Recognizing the need
The Monarch School, which grew to become The Monarch Institute, was founded in 1997 in response to a critical need in our region—to serve children with neurological differences who required a program that provided cognitive, emotional and social development components. Before The Monarch School existed, many families were forced to send their children to residential, out-of-state schools.
Building the foundation
We conducted a feasibility study, comprised of research and focus groups that included educators, psychologists, parents and community members. We needed to affirm the need and determine if the Houston community would support its first therapeutic day school. The results were overwhelmingly positive, the need was great and the support was assured.
During the first year, Head of School Dr. Marty Webb and a Director of Development worked full time to lay the foundation for the school. We then formed an Executive Board from the four original co-founders. We recruited an Advisory Board of parents and community members and a Professional Advisory Board of psychologists, special educators, neurologists and psychiatrists. We developed a database of friends of the school, created a business plan and secured seed money through an annual fund, foundation grants and a gala fundraiser. Gradually, we hired a small but competent initial faculty. Our vision was beginning to take form.
But finding and securing a site proved an enormous challenge, which wasn't solved until late in the spring of 1998. Just before the school was to open in August, we were able to lease ground space at the Houston Mennonite Church, where three modular buildings were placed. The next and equally formidable challenge was to educate the community about the opening—and uniqueness—of Houston's first therapeutic day school.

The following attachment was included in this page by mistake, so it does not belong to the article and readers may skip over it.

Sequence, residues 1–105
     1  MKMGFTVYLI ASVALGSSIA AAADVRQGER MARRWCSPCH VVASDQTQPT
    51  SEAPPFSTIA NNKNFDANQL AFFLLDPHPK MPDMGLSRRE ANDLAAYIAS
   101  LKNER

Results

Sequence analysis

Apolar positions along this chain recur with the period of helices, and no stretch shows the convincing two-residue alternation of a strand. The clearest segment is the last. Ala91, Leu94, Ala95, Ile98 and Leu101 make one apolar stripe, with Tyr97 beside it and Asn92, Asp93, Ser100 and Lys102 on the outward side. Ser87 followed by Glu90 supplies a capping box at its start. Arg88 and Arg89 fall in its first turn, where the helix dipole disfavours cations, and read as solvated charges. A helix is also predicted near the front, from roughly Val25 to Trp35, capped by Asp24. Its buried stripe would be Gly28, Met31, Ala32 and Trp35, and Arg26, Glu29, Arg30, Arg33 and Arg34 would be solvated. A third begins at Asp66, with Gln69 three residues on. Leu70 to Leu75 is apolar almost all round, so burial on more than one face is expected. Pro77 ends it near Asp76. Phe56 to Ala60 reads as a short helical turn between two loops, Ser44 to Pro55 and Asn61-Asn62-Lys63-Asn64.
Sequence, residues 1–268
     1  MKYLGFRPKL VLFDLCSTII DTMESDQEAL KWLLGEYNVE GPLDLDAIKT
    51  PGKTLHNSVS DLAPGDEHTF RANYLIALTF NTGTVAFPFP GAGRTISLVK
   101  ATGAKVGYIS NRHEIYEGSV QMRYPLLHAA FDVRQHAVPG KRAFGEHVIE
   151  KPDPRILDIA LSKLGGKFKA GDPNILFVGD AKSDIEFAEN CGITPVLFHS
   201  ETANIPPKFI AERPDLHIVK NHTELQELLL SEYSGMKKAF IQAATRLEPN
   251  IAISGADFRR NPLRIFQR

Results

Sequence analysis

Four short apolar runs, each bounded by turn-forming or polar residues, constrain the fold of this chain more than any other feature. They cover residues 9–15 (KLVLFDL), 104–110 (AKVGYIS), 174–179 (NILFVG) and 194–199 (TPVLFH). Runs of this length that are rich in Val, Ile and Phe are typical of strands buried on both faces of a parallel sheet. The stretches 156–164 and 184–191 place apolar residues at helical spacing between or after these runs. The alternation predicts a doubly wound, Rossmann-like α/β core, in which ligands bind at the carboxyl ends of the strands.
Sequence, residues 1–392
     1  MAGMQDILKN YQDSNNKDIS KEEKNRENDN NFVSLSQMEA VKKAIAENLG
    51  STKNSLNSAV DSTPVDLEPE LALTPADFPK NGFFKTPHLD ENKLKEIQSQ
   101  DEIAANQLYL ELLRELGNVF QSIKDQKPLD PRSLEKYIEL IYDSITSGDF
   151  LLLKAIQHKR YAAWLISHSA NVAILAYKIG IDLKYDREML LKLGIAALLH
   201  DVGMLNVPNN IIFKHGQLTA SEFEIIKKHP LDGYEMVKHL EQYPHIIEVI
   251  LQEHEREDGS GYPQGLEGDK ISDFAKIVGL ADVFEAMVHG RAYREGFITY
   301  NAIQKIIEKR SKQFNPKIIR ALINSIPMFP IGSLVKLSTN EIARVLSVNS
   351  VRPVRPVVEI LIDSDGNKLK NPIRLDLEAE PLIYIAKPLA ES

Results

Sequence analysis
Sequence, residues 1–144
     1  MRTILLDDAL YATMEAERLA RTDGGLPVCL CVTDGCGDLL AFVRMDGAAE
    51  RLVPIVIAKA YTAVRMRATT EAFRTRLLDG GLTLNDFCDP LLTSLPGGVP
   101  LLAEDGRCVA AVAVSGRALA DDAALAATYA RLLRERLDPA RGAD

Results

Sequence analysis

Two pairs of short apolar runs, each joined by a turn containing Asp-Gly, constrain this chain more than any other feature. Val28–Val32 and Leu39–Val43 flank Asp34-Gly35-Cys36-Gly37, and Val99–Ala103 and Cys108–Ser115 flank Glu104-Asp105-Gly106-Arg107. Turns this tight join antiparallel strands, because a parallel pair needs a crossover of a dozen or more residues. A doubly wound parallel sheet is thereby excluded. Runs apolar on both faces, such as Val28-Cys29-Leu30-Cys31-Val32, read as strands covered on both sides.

We opened our doors in the fall of 1998 to 23 students. At that time, there were seven teachers, three part-time psychologists, a secretary and a Development/Admissions Director. Evaluations at the end of the year were overwhelmingly positive, and community support for the school continued to grow dramatically.
Growing and expanding
Each year after, we grew in size and support. By the third year, enrollment had tripled. We were using all of our classrooms in the portable buildings, as well as all of the rooms in the Houston Mennonite Church. We had hoped to place additional portable buildings on the property, but zoning did not allow it. And so we looked for additional space and found it five blocks away in a business park. We renamed the original site our Apprentice Campus.
The Craig and Lee Williams Challenger Campus opened in the fall of 2001, after a summer of intense remodeling. The additional 7,000 sq. ft. included five classrooms, a woodshop, a fitness room, a large community meeting room and several offices. Two years later, we added an additional office suite for the Learning Center and the Life Academy, bringing the total space of the Challenger Campus to 10,000 sq. ft.
Beginning in the spring of 2002 and culminating in August of the same year, the co-founders who formed the original executive board resigned and were replaced by a board that included Dr. Webb and was more representative of the parents and community. We wrote new bylaws, and the board began taking a proactive role in strategic planning for the future.
Things looked bleak in 2005, when we lost our lease, but MetroNational Corporation stepped forward with a generous 90-year lease on 10.75 acres in West Houston. Having this piece of land allowed us to begin an aggressive capital campaign, which resulted in the completion of the Chrysalis Building in August, 2009.
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